I love Degas’ work and was very lucky to be asked to produce a book describing and emulating his technique. I learnt an enormous amount by examining and exploring his different approaches in order to explain them to others. He described his technique as ‘a series of operations’ and was quite scientific in the way he experimented. I have tried to emulate this aspect and in paintings like Blue Dress I and II I have built up layers in stages often changing from loose colour to drawing lines in order to add definition.

Can you expand on your technique of drawing without lifting the charcoal from the page?

I encourage my students to begin their drawings with a single continuous line formed by not lifting the charcoal off the page. It is one of those right brain approaches; a more intuitive or instinctive way of working that not only creates livelier drawings, but often produces more accurate observation. I use this technique myself and try hard not to miss the beauty of the first unselfconcious marks that are generated. The challenge is to develop the drawing to make it more substantial without losing that initial delicacy.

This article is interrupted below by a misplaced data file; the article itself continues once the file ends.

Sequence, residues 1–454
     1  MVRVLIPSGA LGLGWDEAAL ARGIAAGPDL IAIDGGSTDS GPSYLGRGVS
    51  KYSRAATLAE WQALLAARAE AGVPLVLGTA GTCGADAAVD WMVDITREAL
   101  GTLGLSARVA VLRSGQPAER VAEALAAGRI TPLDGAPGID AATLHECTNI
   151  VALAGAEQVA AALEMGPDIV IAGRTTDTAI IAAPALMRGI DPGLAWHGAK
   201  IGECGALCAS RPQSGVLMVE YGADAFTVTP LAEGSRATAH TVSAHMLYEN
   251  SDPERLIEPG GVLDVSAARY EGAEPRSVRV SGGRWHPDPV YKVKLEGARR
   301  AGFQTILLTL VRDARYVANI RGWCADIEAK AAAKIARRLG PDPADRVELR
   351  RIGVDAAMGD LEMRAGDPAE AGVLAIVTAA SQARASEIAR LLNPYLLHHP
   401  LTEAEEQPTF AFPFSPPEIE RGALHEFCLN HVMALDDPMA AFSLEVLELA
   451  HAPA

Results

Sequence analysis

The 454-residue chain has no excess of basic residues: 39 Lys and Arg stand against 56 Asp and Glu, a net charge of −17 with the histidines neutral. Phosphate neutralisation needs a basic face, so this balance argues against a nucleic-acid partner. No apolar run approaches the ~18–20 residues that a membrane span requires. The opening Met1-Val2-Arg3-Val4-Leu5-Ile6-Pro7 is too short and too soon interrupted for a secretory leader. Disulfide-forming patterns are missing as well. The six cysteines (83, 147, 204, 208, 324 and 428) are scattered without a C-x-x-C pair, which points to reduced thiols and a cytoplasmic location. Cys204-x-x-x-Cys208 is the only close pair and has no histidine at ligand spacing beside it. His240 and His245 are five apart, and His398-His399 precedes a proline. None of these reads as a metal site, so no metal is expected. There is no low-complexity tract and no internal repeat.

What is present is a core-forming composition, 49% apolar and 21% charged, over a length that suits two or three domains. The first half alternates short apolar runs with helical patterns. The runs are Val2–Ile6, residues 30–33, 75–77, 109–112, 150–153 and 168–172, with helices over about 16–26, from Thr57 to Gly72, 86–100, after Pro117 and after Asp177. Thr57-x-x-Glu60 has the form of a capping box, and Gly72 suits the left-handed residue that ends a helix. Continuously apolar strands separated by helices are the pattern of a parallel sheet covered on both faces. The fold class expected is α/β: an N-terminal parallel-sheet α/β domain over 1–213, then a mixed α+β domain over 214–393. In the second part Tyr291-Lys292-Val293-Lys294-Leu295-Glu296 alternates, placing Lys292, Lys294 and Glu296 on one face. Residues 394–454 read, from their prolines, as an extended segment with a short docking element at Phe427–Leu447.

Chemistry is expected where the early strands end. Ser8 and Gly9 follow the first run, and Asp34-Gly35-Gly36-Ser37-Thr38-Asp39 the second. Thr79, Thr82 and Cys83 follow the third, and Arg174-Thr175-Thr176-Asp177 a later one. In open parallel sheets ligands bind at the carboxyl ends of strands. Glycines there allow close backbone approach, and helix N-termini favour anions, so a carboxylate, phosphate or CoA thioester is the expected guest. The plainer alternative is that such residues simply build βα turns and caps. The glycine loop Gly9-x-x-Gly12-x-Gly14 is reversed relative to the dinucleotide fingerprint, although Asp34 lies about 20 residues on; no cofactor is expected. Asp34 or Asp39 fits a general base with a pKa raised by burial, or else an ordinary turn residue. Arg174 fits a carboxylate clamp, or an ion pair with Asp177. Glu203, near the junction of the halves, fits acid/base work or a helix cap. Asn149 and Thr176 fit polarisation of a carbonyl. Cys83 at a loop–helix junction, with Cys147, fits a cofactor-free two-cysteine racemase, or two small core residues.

Take ‘Harbour Wall’ and discuss your use of charcoal.

Like many families, one of our summer holiday challenges is to throw ourselves off the high harbour wall into the cold sea water, this often seems to happen just before tea time. The children were lined up waiting for everyone to have the courage to jump together and I was struck by how heroic they looked – like Olympians about to do something very brave. I sketched out the scene with the help of some photographs and using the continuous line start. Then gradually built up areas of tone and shade to solidify the figures. I wanted to show their tentativeness and anticipation through a lightness of touch and charcoal can be perfect for this sort of sensitivity.

Harbour Wall, charcoal  25 x 35 cm

You are currently having a solo exhibition at Union Gallery in Edinburgh… 

How was the exhibition given its title ‘Moving Images’?

I wanted to be ambiguous about the movement in my subjects and the way they move me personally.

What lead you to fill the exhibition with so much sunshine and not a spot of rain?

Swimming after the Storm, pastel  55 x 77 cm

Ah yes, ‘Into each life a little rain must fall…’ (especially in Scotland). I love the drama of sunlight and many of the scenes in these paintings are from the Hebrides where the weather changes so rapidly that sunshine can be short-lived and a reason to celebrate when it does burst through. When the sun comes out on the West Coast of Scotland there is no place on earth more beautiful – who wouldn’t want to paint that?

Contact details:

Damian Callan



Damian Callan, EDINBURGH, Scotland

Interview by Deborah Blakeley, March 2019